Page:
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In New York, Hope for the Future is Found Again with Leonardo and Michelangelo

The extraordinary Michelangelo exhibit at the MET, the record-breaking auction, and the best-seller on Leonardo: why the return to the Italian genius

A mural portraying Leonardo, Raffaello, Michelangelo and Donatello, painted in Brooklyn by New Zealand artist Owen Dippie. Un murale raffigurante Leonardo, Raffaello, Michelangelo e Donatello, dipinto a Brooklyn dall'artista neozelandese Owen Dippie

After two centuries, two great Tuscan artists are at the center of cultural life in the capital of modernism. In times of moral, value, and identity crises in the Western world, Leonardo and Michelangelo have remained pillars of stability that reassure us of our model of civilization.

They knew each other, but they did not love each other. Actually, they tried avoiding each other if they could. They were about 20 years apart in age and came from the extraordinary 15th century Florence, then a nominal republic controlled in a discreet and enlightened manner by the Medici. Glorified by their peers for their multiple talents and sought after by the princes of the time with pounds of gold – but also gossiped about for their open homosexuality – their names are synonymous with the Renaissance and, inevitably, are associated, perhaps before anyone else, with the term ‘genius.’ So noteworthy are their names that they do not even need last names to be defined, hence Leonardo and Michelangelo.

More than five centuries following their troubled lives, in this unusually balmy fall season in New York, they are the stars: Leonardo with the auction of a Salvator Mundi attributed to him with the record price of  450 million dollars, and a new biography at the top of the best seller lists, and Michelangelo with the exhibit, “Divine Draftsman and Designer” (at the Metropolitan Museum until February 12, 2019) recognized unanimously by critics, journalists and intellectuals as the cultural event of the year.

The Salvator Mundi painting attributed to Leonardo

Too much has already been written about the painting that Christie’s auctioned off for such an absurd amount: from moral considerations regarding the transaction to reservations about the authenticity of the piece; from the poor state of preservation to the clumsy restorations carried out throughout the centuries from the derisive  definition of male “Gioconda,” to the hypothesis about the  buyer’s identity. I believe that we can all agree on one fact: a painting was not sold that Sunday, but rather, its attribution to Leonardo.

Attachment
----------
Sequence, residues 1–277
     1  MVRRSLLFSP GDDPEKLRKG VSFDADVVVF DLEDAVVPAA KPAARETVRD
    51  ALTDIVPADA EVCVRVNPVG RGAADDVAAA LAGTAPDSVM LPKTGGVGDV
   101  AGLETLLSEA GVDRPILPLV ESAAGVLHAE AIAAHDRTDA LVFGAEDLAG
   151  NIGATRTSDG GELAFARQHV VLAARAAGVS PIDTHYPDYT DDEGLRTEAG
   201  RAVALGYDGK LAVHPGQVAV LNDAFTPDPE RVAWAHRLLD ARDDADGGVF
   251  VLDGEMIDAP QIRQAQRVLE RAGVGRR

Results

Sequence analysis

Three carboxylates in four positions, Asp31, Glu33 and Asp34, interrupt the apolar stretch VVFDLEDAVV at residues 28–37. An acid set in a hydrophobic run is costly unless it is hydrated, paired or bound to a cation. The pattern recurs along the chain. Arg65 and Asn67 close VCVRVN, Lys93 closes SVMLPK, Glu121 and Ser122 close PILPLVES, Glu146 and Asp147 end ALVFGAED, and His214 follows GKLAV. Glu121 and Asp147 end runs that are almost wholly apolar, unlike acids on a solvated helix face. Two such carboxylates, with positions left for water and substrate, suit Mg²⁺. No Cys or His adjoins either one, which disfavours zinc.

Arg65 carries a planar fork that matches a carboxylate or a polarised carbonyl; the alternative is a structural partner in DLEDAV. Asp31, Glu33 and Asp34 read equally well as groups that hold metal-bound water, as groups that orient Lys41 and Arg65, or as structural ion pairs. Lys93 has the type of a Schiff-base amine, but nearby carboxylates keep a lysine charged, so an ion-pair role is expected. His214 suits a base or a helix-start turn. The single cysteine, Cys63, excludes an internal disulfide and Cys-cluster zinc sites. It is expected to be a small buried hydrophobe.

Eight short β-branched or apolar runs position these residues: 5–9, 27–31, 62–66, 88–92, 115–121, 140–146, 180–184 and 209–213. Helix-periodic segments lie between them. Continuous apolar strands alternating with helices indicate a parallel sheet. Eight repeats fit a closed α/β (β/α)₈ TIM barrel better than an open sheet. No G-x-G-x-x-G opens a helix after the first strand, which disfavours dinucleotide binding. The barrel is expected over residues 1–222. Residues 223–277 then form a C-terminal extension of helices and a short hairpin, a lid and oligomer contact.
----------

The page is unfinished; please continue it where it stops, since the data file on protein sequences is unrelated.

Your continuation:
The new biography on Leonardo (Simon & Schuster) came out in October and immediately hit Best Sellers lists. The author, Walter Isaacson, is a specialist in biographies of geniuses (including, among others, Benjamin Franklin and Steve Jobs), and although he does not reveal any clamorous news on the life of the painter, scientist, engineer, and inventor – given  that his years-long romantic  affair with a younger man is by now common knowledge –he presents a fascinating hypothesis: an illegitimate birth, the inability to have access to regular schools and universities and, consequently, an erratic and autonomous education by a self-taught person with an insatiable curiosity, were the conditions that allowed a young man with undoubtedly extraordinary intelligence to transform himself into a genius. The film rights to the new biography have already been purchased and it seems certain that another Leonardo (di Caprio) will play the role of his namesake.

The Metropolitan exhibit highlights above all Michelangelo as designer and draftsman, with more than 130 sketches, and only three marble statues and one wooden architectural model. But the idea guiding the exhibit is that precisely in Michelangelo, everything begins with design: from barely-hinted sketches to the fresco cartons; from building projects and fortifications to the precise anatomical tables that would serve in preparation of his sculptures and frescos. But many of the drawings of human figures finish, in turn, with the plasticity and three-dimensionality of the sculptures, again raising the question of what is finished and unfinished in Michelangelo’s works. If you’re not able to come to New York, take a look at the Metropolitan Museum’s marvelous website to get a thorough idea of the richness and depth of the exhibit.

But why is it that after centuries, these two Tuscans remain at the center of cultural life in the capital of modernity? I venture three hypotheses: in times of moral, value, and identity crises in the Western world, Leonardo and Michelangelo have remained pillars of stability that reassure us of our model of civilization. On the other hand, the criticism that has been all the rage on American college campuses since the ‘70s against a culture monopolized  by  “white, dead men”, and that has rightfully precipitated a pluralist diversification in curriculum, had to accept the evidence that Leonardo and Michelangelo fully deserved the place that they had always held in Western culture. Their peculiar capacity to always combine humanistic and scientific culture in a creative manner will continue to be the only recipe for success. Not because a new generation of geniuses is in the making, but because only a culture that is not exclusively scientific or humanistic has the potential of winning the challenges of the future.


Translated from Italian by Emmelina De Feo















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